Are professors really as cold as we think, or are they more like us than we’ve presumed?
A new year means new challenges…
Beginning a new year of college is a somewhat overwhelming experience. Buying books, starting classes, and making new friends can become daunting obstacles, and meeting professors can easily be classified as one of the most intimidating and difficult of these. These learned individuals have vast experience and knowledge in various fields of study that many of us are simply dipping our toes into. Many of us assume that they take pleasure in slaving students and lowering their GPAs. However, are they really as cold and inhuman as we so often think? Perhaps Professors are people too.
Proving a point
With this in mind, last school year, I began conducting interviews with professors, attempting to prove that they’re not so different from you and I.
Intentionally asking questions that had nothing to do with academics, I not only found that these professors were actually human, but that they’re fascinating, brilliant people with interests and ideas that many of us would have in common.
With a new school year beginning, I can’t think of a better way to introduce students to some of the amazing faculty here at Regent, and to make the experience of meeting a professor an enriching, rather than traumatic, one.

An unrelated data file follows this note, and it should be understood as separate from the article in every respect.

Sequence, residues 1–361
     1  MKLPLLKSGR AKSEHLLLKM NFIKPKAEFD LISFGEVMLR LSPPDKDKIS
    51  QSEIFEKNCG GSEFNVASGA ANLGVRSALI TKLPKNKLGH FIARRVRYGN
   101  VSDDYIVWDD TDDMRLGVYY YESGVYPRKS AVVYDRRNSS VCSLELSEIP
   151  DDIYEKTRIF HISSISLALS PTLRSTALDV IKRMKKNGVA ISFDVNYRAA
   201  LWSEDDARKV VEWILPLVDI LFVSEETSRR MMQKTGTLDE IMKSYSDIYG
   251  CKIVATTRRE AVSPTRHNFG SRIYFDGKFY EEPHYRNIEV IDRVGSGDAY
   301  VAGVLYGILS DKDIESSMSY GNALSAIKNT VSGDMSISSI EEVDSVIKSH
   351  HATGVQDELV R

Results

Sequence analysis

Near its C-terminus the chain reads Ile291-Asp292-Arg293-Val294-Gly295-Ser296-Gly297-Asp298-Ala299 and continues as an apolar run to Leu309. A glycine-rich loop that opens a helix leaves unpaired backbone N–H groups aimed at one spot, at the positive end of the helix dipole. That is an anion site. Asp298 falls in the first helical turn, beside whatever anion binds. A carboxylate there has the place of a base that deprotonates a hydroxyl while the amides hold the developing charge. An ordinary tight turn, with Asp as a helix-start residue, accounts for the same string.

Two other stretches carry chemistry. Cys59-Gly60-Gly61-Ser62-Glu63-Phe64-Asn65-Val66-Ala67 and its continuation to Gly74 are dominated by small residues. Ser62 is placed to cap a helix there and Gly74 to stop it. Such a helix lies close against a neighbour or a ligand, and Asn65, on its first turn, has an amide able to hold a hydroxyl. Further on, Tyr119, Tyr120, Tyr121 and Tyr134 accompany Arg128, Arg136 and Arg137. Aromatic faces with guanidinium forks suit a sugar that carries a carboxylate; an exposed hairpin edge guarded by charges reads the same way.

I decided to interview Dr. Elam. He currently serves as a full time professor in the College of Arts and Sciences English department, and someone I’ve been given the privilege of having as a professor. I remember how he always taught that words are the “stock and trade” of scholars, and how powerful even the simplest of works can be. He’s a professor that invests in his students and is un-afraid to be both honest and vulnerable.
When I met with Dr. Elam in his office, I couldn’t help notice the vast quantity of books he had in the room office. However, though having nearly an entire wall covered with a book shelf may seem copious to some, it is a part of Dr. Elam’s office that reflects the good professor himself, and is a testament to his devotion to teaching and to literature. Before we began, he expressed how honored and “touched” he was to participate in the series.
“If you could live in any time period, what would it be?”
Dr. Elam: “Oh my goodness. So this is gonna be a copout answer. I would want to live in Medieval times, but with all the comforts of the modern era… Probably in a city. I know that they could be dirty… but there were good cities. Probably Oxford or Cambridge or one of those university towns.”
Philip: “So, not [something like] the American west?”
Dr. Elam: “Maybe. So my dad’s family is kind of from that setting, Arkansas, Missouri. They went west to find work, all that kind of stuff… It’s never grabbed me… [However] I love the idea of being in Sacramento around gold rush time.”
Philip: “Ok second question… This one’s a lot less deep.”
“If you have a favorite video game, what is it, and if not, what would you make one about?”
Dr. Elam: “I do have a favorite video game and it is Legend of Zelda: Wind Waker. And I love the cell shaded animation. Peggy Sutherland, over in comm… she would love to hear me say that… There’s something strikingly beautiful about its visuals… I mean there are parts that I’m not good at, but I really, really like that game a lot. Oh [and] can I add?”
Dr. Elam: “My second favorite game… is a combination of the first 2 sonic the hedgehog games. There’s a level called “aquatic ruin” and the music in that level… I think I could listen to that without the game.”
“Would you rather be telepathic or invisible, and why?”